At 16, having failed to achieve the O-levels required to stay on for the sixth form, I went to the college in the next town. Although I was fearful of the change, the prospect of a new place of study awakened old dreams. I would work hard, do well, make up for lost time and get to university. It was not to be. Food still dominated, distress was still inside. I tried to conquer it, but my metabolism was now so slow my body could barely digest anything. My stomach billowed out and I gave up, preferring to carry the secret of my illness than to be fat. Every day, I threw up my feelings, but each morning they returned. I didn't know what to do, how to save myself. My oesophagus, instead of pushing down, pushed upwards, so that when I tried to keep down my food it involuntarily brought it up. If I held onto even a small amount of supper, the next morning my stomach would be swollen. It was as if my digestive system was shutting down.
I got by at college. Towards the end, my illness showed signs of waning. Perhaps the few sexual relationships I had helped - there was nothing like a lover to bring a bit of temporary self-confidence. For a term or so, I even allowed myself to put on some weight. Then, gradually, as I pulled away from home relationships, I viewed food a little more dispassionately. On the course, I was not disciplined enough to succeed: I left with two low-grade A-levels and no entrance to university. A few months before the end, my family moved, which meant I had to get up very early to catch the bus to college. My mother got up with me and together we breakfasted in the warm kitchen: outside it was still dark. There, for the first time since late childhood, I ate with no desire to throw up. I had my mother to myself and she was looking after me: that was probably what I had always craved. Also, miraculously, my brother was beginning to come through. His presence and the subsequent calming down of my parents re-ignited a life-force in me that I thought had died.
I left home soon afterwards, moving to London to live with a lover. I felt for him so passionately that, quite honestly, there was not much room for anything else. My illness put up a fight for supremacy, but Clive cherished me. He encouraged me to cherish myself. I desperately did not want to be sick in his flat, I thought it would stain the sweetness of us. And, painstakingly, over the years, came a recovery of sorts. When we went out to dinner, I warmed to the idea of food followed by love and sex; old associations were starting to die.
But, through all this, I never forgot university and how I had wanted to go. In my early twenties, I at last took A-levels at evening classes, determined this time to make it. The following year I started my degree. It was the beginning and the end of everything. The gateway was opened to freedom. The relationship with Clive came to an end but I learned to stand on my own two feet. I formed healthy friendships for the first time in years. I put on weight and did not mind. Soon, I was eating "three square meals" a day. I lost the weight again naturally, without thinking. My body started to settle, to digest, to fill out into what it had been. I walked a lot, ran about a lot, was happy a lot. Weakness and flabbiness were replaced by strength, curves, and a new leanness. I accepted myself. I discovered there was something even better than a boundaries-merging lover - friends.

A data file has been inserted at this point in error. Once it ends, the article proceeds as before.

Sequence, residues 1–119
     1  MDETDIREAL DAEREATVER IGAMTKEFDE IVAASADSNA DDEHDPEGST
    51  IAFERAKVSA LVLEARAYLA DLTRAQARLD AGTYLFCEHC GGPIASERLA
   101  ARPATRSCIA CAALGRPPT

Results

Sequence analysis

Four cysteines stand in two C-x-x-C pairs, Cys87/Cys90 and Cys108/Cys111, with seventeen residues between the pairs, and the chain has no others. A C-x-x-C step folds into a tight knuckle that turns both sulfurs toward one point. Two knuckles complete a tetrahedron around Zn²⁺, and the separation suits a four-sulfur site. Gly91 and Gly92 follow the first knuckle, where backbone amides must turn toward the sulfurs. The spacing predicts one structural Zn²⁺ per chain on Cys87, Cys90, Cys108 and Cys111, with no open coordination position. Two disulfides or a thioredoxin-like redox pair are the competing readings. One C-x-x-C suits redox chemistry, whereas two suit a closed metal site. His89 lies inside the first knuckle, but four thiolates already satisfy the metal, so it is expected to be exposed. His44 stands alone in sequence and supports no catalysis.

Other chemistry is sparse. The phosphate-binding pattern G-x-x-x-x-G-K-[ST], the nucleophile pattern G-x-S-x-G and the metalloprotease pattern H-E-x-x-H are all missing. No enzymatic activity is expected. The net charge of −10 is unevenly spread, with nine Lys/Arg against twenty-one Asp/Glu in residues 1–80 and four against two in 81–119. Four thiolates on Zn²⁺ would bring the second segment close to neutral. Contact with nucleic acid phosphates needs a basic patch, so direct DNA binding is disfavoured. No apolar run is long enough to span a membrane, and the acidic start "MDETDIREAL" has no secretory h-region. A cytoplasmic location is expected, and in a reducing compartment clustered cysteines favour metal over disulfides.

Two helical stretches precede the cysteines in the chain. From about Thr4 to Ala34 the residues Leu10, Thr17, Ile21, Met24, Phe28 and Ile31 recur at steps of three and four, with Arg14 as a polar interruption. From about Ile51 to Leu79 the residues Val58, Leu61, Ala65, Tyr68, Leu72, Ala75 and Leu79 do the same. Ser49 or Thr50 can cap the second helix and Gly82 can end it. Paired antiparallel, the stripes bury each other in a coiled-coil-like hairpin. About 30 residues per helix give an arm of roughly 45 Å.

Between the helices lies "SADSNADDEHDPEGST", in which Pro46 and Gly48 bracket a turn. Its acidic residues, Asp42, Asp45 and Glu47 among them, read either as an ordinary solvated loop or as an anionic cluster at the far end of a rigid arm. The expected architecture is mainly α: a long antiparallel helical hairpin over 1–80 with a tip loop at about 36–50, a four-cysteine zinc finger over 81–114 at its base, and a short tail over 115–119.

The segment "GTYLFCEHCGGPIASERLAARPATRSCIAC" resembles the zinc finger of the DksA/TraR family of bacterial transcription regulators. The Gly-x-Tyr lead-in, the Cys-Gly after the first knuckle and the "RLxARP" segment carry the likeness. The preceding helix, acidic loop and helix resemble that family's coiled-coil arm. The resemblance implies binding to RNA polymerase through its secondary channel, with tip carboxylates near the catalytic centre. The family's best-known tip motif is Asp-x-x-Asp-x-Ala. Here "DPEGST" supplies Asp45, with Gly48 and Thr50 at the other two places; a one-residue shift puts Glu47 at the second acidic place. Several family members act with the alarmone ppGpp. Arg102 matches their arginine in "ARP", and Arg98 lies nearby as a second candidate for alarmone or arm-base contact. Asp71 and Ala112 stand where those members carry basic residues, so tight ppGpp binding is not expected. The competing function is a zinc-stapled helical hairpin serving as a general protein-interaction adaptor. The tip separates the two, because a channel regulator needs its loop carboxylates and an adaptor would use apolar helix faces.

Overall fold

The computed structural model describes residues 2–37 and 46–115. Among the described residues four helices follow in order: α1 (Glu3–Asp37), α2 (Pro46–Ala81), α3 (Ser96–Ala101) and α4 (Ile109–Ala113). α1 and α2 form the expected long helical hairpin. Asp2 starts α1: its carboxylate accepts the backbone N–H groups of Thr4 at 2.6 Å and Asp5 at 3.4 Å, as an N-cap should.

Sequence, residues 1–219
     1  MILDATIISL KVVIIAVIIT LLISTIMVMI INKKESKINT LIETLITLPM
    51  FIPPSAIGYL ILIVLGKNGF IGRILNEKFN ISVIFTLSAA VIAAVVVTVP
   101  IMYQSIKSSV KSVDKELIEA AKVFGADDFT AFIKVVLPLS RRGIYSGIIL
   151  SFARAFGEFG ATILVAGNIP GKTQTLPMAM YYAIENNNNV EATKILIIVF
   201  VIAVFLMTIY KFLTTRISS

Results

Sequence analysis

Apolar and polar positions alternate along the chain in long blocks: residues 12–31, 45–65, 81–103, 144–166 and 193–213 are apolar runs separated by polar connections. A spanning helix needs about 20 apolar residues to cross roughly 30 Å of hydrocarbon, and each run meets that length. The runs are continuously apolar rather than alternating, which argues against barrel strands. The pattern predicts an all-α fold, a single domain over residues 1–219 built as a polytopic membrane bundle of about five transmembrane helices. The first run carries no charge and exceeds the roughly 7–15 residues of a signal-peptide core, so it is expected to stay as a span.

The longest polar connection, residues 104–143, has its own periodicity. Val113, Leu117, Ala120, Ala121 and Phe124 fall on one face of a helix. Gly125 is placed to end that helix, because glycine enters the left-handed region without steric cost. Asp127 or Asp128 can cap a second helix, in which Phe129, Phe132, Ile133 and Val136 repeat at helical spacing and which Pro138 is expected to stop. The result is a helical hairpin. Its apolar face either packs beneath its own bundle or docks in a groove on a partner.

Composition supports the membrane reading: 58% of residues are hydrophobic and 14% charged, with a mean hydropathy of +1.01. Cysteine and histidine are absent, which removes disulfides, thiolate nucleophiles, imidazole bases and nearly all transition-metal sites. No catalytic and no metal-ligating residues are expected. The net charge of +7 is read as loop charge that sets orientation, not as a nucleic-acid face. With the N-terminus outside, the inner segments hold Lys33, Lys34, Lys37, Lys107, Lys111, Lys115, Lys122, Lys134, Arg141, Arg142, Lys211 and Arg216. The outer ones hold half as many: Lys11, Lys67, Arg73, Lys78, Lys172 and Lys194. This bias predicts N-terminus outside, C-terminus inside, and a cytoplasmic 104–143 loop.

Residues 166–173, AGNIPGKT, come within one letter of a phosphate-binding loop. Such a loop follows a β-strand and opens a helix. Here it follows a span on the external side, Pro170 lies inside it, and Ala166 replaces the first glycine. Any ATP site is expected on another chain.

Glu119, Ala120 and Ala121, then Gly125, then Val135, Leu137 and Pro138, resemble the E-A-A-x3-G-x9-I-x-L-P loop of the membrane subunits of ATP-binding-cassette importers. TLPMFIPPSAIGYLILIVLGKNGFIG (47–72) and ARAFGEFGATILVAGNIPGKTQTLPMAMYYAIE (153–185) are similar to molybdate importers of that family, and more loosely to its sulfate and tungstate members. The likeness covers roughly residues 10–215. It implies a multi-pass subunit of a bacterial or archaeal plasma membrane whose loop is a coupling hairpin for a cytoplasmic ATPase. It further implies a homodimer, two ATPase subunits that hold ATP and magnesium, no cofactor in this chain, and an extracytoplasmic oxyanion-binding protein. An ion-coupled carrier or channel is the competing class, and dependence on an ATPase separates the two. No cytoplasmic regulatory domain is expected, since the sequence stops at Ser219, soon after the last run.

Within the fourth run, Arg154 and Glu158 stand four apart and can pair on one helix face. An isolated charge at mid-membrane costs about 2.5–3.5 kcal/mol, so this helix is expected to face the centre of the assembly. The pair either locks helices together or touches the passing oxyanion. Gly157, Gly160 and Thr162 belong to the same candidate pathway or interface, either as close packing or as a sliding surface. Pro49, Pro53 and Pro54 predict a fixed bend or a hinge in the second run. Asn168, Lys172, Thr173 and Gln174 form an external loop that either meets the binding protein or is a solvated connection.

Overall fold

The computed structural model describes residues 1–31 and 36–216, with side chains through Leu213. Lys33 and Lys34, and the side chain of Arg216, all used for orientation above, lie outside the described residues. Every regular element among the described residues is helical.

And now it is 1997 - more than 20 years on from the start of my illness. These days it is thought bulimia nervosa may simply be straightforward anger turned back on itself. Recent studies of young female bulimics have shown that the one over-riding factor they have in common is a severe breakdown of the mother-daughter relationship. But most also have had experience of violence. When I watched, as a terrified 12 year old, my once gentle brother and father chase each other round the garden with knives, something must have got into my soul. I still cannot wholly make sense of how I came through. Perhaps a lot of it was luck. Perhaps I just grew out of it. I have had my teeth seen to and am physically quite robust: the girl of my adolescence is now long gone, rarely thought about.
Coincidental to writing this piece came a picture of Donny in a magazine. I stumbled over it in the summer. I gazed at him. He was unchanged, merely a bigger version of the 14-year-old boy I had loved. Lost for a moment in reveries of the innocent days, I got a friend of mine to tape all the old Osmond songs for me. After an initial, excited playing, they bored me. Half sadly, I put them away; not wanting to go back, not yearning for the past, no longer wishing for things that might have been.Reuse content